Knitting Tips and Tricks, from You!

Just a little scene-setting photo—knit on!

I was reading through the forums and the Knitting Daily blog post comments, and I was impressed by the wealth of knitting expertise out there! I thought I'd pull some of them and put them all here for you to enjoy. This is a potpourri of knitting tips, with my favorite tip of all time is at the end of the post. Happy knitting!

Susi, on sock reinforcing : I have used sock reinforcing thread quite often since I go through sock heels and toes rather fast. Recently I made a pair of winter socks in a solid orange and just used some lighter-weight variegated yarn that had orange as one of its colors. Everyone who sees them is impressed by how well it worked.

JKDobie, on darning socks: My mother always kept a light bulb in her darning basket. It slips into a sock very easily and is very lightweight. This won't work with a new fluorescent type bulb, however!

Bev from Montana, on pilling: I have a battery operated sweater shaver with the name "Evercare" on it. I believe it was around $5.00, and was certainly under $10.00. I have used it endlessly on wool, cashmere, cotton, etc., and it restores the beauty of the sweater without pulling the fibers, which is what I've found the various stones and combs to do, and which I think leads to more pilling. It seems impossible to harm the actual yarn because of a shield on the head. Anyway, I LOVE it!

RMHkidsX4, on yarn management: To keep yarns separate, I take a clear, heavy plastic zippered bag (saved from the purchase of bed linens/curtains) and insert grommets near the top of the bag, about 3 to 4 inches apart. Thread each skein through a different grommet, it keeps the yarn from getting tangled while keeping all the skeins in one place.

Martha Puccio, on Fair Isle tension: I make a lot of Norwegian mittens on four needles that have two colors. I have found the best way to avoid puckering is to work the mitten with the right side inside. In other words, after I complete the cuff and start the pattern work I rotate the knitting so the right side is inside and the wrong side is outside. This seems to leave just enough carried yarn to prevent puckering.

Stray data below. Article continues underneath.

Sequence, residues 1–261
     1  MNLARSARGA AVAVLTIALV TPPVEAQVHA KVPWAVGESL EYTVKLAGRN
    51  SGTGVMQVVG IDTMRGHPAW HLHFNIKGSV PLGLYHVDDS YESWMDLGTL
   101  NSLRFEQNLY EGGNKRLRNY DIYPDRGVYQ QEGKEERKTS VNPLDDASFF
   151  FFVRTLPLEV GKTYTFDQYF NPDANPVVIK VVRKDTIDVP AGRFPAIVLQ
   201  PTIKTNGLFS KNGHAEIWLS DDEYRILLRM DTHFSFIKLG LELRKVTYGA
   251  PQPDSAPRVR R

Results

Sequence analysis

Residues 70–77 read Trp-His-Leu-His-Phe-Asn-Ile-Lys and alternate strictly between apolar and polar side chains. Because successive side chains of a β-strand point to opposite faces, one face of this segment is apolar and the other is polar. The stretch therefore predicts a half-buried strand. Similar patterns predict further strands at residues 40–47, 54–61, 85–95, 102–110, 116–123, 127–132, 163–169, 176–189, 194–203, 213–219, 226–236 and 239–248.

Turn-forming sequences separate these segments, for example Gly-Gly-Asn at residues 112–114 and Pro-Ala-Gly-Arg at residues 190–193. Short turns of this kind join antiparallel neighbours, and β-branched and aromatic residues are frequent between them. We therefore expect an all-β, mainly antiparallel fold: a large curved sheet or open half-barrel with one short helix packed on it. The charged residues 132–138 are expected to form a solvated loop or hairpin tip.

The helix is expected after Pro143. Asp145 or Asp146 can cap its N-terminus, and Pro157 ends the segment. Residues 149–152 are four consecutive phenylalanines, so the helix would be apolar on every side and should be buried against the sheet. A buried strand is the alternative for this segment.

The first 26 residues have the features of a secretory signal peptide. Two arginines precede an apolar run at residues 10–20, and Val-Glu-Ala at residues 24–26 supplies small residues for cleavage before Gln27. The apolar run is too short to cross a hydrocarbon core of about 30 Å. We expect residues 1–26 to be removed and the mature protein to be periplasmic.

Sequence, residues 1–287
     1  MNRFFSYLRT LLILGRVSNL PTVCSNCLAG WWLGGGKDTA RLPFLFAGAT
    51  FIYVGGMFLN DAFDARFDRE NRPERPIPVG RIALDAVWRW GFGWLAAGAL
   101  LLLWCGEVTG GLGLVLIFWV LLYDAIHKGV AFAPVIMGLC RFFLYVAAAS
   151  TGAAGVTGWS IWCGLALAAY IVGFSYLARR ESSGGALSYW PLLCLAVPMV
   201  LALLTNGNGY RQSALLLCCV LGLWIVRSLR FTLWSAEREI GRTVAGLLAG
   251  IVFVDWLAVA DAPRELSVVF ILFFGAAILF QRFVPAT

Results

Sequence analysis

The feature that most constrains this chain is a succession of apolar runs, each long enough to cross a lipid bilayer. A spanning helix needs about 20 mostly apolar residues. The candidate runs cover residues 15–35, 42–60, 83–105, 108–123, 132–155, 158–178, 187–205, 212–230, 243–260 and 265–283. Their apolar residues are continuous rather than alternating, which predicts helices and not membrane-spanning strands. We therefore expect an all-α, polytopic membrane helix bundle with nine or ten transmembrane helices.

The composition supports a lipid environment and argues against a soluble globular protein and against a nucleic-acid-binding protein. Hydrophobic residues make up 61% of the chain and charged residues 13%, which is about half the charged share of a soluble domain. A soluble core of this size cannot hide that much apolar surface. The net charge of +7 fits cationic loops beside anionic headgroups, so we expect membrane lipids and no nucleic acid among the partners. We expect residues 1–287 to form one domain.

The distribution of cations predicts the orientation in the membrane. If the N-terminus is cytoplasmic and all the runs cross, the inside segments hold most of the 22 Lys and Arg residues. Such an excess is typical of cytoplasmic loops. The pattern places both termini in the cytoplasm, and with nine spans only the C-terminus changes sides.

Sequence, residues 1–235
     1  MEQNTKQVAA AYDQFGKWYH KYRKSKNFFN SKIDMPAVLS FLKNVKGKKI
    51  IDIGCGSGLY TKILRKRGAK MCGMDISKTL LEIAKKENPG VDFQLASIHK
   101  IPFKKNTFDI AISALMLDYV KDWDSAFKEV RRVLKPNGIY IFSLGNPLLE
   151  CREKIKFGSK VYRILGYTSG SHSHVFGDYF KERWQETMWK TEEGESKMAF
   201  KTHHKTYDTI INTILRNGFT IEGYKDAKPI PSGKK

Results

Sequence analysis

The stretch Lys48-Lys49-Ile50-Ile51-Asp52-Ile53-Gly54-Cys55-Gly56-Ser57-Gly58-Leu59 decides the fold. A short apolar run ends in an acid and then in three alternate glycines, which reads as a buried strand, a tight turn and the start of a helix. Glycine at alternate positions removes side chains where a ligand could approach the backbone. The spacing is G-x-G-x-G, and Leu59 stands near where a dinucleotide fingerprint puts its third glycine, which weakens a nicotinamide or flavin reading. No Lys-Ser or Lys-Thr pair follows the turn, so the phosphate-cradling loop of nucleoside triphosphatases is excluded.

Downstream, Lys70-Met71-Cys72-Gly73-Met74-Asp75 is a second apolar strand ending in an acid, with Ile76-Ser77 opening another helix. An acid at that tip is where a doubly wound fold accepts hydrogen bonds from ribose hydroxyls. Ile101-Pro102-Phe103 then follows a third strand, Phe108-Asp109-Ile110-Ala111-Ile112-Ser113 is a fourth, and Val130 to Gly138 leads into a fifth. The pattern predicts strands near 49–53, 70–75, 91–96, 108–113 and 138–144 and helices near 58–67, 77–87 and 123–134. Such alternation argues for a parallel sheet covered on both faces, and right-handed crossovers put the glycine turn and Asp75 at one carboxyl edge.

Turtles and Owls, on button-making forms: Save a lid or two from your favorite food–cottage cheese, large containers of yogurt, cool whip, etc. All of these have lovely large plastic lids you can easily cut with a pair of scissors. Trace or draw your design on with a Sharpie pen and cut them out. I've used the clear, see-through Cool Whip and Ralston Oatmeal lids for decades to make quilt, appliqué, and stencil templates-they work great.

Tammy T, on ease: My daughter's favorite tip for knitting sweaters is "Finish knitting them!" A tip that has been revolutionary for me is this: If you are a shapely lady, knit a sweater top down. I had no idea what size I needed and had trouble modifying bottom-up sweaters to fit my 12-inch difference between bust and waist measurements. If you knit from the top down, you can try it on as you go and get the perfect fit. Then when you do a bottom up sweater, you can use the top down one as a template to help with the sizing and shaping. Also, I don't know about everyone else, but I tend to overestimate my size. Even for a larger lady, wearing a sweater that hangs like a sack isn't attractive. A little negative ease is your friend!